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Chicago church has been helping migrants from start, and many have settled into new home a year later

Migrants settle into a new life in Chicago a year later
Migrants settle into a new life in Chicago a year later 03:13

CHICAGO (CBS) -- Since the migrant crisis began more than a year ago, 20,500 migrants have arrived in Chicago.

CBS 2's Marybel González on Wednesday visited a church that has been going above and beyond from the start – and met a family who has settled into a new normal one year later.

"We're called to do it," said Pastor John Zayas of Grace and Peace Church of Chicago. "The church is called to welcome the solider; welcome the orphan; the widows."

The church, at 1856 N. LeClaire Ave. in the North Austin neighborhood, is now serving as more than a place of worship. It has been transformed into a hub for migrants arriving in Chicago.

"Since August of last year, we have been in the fire of it all," Zayas said.

In fact, the church was one of the first places that offered shelter when Texas first began sending migrants to Chicago last year. Over 100 people stayed inside the church at a time.

"Our goal was always get them out in 60 days, so we did 100 every 60 days," Zayas said.

Zayas got them migrants out of the church and into their own apartments – connecting them with jobs and basic necessities.

"When they're coming here for the first time, they have shoes, hats, clothes, coats – all that," Zayas said.

The church has a 20,000-square-foot warehouse filled with donations to give to those in need in the Austin community. But with the arrival of more migrants, their inventory has only increased.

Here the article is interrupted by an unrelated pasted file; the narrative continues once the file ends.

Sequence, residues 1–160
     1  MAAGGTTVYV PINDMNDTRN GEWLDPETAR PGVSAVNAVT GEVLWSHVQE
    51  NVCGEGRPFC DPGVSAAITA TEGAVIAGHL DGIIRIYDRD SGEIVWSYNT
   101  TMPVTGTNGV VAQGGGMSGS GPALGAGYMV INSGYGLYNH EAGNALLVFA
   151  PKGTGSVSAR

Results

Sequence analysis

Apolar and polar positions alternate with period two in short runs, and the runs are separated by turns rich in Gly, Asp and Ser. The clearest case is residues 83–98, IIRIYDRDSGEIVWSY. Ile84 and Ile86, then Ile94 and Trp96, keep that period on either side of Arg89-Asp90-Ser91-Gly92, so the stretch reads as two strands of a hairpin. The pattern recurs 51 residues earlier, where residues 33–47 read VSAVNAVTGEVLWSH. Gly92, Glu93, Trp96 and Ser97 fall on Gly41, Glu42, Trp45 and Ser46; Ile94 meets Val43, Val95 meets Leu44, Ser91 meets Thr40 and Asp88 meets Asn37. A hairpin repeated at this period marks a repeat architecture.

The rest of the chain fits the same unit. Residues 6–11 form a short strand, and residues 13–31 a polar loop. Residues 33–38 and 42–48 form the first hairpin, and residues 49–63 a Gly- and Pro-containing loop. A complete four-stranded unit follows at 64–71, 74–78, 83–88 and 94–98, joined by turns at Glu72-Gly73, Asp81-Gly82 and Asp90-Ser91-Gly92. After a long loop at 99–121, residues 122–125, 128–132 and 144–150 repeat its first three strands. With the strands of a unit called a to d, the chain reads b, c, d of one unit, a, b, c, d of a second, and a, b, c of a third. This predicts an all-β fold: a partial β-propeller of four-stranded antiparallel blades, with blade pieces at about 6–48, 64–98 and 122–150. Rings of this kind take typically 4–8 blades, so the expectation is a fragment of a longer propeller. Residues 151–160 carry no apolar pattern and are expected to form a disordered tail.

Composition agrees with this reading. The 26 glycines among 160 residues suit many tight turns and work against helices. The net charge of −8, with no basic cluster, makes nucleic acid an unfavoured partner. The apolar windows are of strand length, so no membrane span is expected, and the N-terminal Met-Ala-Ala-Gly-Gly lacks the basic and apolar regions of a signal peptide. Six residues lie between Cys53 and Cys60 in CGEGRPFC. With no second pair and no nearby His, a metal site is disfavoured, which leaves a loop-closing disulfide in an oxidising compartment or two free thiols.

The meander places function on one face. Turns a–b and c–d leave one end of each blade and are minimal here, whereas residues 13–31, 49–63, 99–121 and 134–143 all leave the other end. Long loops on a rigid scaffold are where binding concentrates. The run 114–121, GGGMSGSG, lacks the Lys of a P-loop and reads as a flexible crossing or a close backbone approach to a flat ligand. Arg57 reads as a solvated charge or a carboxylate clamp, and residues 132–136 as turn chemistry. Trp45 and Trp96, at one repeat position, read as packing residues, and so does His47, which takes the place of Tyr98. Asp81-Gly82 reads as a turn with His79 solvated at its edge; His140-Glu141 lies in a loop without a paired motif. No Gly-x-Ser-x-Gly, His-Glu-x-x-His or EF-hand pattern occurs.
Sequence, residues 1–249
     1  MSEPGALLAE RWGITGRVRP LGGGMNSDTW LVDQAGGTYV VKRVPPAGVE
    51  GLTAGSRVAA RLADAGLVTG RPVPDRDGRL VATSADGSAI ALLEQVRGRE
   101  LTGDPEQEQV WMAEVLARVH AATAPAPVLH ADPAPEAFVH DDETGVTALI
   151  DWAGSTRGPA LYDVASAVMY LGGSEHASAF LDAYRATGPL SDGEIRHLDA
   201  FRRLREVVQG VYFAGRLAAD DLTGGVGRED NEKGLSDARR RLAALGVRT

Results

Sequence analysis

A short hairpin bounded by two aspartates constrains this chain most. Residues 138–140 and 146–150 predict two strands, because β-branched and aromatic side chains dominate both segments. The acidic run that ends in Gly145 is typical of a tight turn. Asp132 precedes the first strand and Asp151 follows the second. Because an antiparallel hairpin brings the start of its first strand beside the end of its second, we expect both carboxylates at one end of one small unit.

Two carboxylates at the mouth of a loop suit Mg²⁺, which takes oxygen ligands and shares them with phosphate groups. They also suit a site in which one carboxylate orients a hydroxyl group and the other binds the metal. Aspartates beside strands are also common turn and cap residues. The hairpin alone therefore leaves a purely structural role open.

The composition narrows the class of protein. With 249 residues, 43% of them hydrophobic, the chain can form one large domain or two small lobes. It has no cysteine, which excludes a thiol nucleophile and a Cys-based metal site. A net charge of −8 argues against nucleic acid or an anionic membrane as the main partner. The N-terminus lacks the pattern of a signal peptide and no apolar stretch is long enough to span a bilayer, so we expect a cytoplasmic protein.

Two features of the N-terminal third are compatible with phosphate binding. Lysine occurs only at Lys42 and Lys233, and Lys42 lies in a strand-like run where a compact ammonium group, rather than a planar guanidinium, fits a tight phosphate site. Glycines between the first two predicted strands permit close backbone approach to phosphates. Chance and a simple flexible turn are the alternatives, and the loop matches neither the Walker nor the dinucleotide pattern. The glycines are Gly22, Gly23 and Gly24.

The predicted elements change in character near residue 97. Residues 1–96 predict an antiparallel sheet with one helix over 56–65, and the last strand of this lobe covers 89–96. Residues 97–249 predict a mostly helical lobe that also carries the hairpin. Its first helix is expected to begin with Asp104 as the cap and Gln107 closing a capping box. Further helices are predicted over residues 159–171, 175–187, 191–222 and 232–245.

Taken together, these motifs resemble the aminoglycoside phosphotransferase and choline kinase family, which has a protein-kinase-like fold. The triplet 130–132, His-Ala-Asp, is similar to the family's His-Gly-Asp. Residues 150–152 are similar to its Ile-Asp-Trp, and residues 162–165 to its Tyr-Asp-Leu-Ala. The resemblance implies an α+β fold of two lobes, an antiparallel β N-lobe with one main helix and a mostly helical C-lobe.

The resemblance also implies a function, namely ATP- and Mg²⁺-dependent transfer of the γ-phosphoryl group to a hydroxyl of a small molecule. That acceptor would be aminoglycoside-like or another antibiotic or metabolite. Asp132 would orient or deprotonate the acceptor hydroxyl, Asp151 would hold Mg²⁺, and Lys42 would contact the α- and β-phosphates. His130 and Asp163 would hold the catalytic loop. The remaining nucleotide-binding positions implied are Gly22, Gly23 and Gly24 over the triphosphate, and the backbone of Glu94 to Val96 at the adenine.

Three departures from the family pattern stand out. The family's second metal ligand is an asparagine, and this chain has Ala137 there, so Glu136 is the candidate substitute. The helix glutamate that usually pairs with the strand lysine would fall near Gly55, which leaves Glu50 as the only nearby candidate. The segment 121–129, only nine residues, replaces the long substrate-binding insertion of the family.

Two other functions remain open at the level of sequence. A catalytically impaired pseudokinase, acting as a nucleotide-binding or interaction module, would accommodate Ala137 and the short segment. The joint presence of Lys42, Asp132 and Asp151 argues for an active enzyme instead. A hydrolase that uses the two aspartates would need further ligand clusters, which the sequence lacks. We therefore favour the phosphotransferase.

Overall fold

"We're at position right now that our donations have gone high – that we're not even accepting donations," Zayas said.

The boxes of items are front and center at the warehouse. But what you can't see at first glance are the people working there.

Jose Antonio and Romercy were among the first groups of people who arrived in Chicago last August. It has been more than a year since that day, but Jose Antonio still tears up thinking about their journey – running out of food in the jungle, and watching people die along the way.

It is a stark difference compared with their life now. They got their work permits within a few months, and are working at the church doing maintenance and paying rent on their apartment.

"Even though they have a full-time job, they come and give back," Zayas said, "because it was done for them."

And they're not the only ones. Pastor Zayas is helping 400 other families do the same.

"We've had thousands that have come through and are now established, but we only focus on the ones that are just coming off the bus - and they don't see the full picture," Zayas said. "So that's why I think people get upset. They say, 'Well how long are you going to have these folks here?"

To Zayas, that full picture means people settled into a city they're eager to call home.

"They really want to be part of the fabric of America," Zayas said.

Zayas said he is in it all for the long haul – and the church will keep helping migrants as long as the buses keep coming.

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